I have wharfedale sapphires and an onkyo tx nr 1007. I wondered the same and hooked my front sound stage up to amps with over 10 times the power rating of my speakers. I did some testing with friends and none of us could tell a lick of difference between the crown and behringer amps vs. The onkyo at volumes approaching reference. My receiver is more powerful than yours, but if you look up watts to dB ratio you'll see it doesn't matter much. To get three more db you have to double your wattage. To get six more dB you have to quadrouple the wattage.

In my opinion there is a lot of placebo in this hobby.

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post #45 of 115 Old 04-27-2012, 05:12 AM
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Originally Posted by pds3 View Post

Why would the amp in a receiver sound any different than a separate amp? Does the separate amp have some kind of magical enhancements? As long as both amplifiers are operating within their specifications both should sound the same at a given volume.

My guesses would be Topology, construction, different quality components and power supplies, and maybe even the speakers I use.

Maybe I can hear the differences in my amps because of the pre-amp I use, which you won't find in a mass market AVR.

If you feel that EVERY Amp sounds the same, that's great, you will never spend any money on equipment unless it's just for show.

Rotel 1072 > VAC CLA 1 MKII > Counterpoint NPS-400 > Clearfield Continental Speakers via Synsergistic Research Cabling
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post #46 of 115 Old 04-27-2012, 05:18 AM
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Originally Posted by 67jason View Post

You can disagree all you want...I know I wont be able to change your mind, and I don't have any intention to argue the matter in a futile attempt to try and force you to see the light.

I do know that the only way you will even think about changing your mind is if you were to conduct a level matched blind test of your gear or any gear for that matter to see if you can tell the difference when you cant see the name plate. Take any one of your avrs with all eq and dsp's disabled and level matched to any of your amps, both within their spec of course, and only time you will "hear a difference" will be when you can see the badge.

The only other time you would hear a difference is when a weaker amp has run out of steam and is clipping while the more powerful amp is still with in specs. The more powerful one will get louder before it clips. If you need the higher spl level, by all means get a more powerful amp.

But I suspect you will come up with lots of reasons justified by your beliefs not to conduct such a test or even to conduct any type of research into such testing methods.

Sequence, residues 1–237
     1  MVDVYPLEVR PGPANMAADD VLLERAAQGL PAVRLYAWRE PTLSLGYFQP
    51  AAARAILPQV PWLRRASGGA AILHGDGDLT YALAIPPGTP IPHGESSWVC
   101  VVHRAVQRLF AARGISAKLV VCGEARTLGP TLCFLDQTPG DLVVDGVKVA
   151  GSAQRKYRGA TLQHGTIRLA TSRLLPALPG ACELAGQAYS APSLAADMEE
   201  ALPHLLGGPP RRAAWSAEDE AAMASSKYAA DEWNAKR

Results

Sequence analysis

I have done level matching with a meter and my pre amp has no tone controls. It's an all tube class A unit that was considered a reference quality pre amp back in its day. It's a VAC CLA1 MKII all tube, dual mono, 22lb outboard power supply bla bla bla.

What are you using when you say all amps sound the same as a pre? What speakers are you using? Maybe your front end cannot resolve enough to hear the differences in the amps?

I have 2 amps in my main setup that I routinely swap back and forth to as well as 2 sets of main speakers. I can get 4 different sounding setups by swapping a few cables or hand trucking my speakers in and out.

Rotel 1072 > VAC CLA 1 MKII > Counterpoint NPS-400 > Clearfield Continental Speakers via Synsergistic Research Cabling
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Originally Posted by Hyfi View Post


If you feel that EVERY Amp sounds the same, that's great, you will never spend any money on equipment unless it's just for show.

Lets put it another way. If you feel that all amps sound different, you're going to be spending one hell of a lot of money throughout your life always chasing that "perfect" amp sound and yet, somehow, never finding it. To each his own.
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post #48 of 115 Old 04-27-2012, 05:53 AM
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Yup, a fair number of people do that and they don't have a problem with it, so why should anyone else? It's a hobby.

Perhaps one day panacea will present itself in a state-mandated, one-size-fits-all system so we can truly agree and end the "it all sounds the same" debates.

Just because there is a knob doesn't mean you should turn it.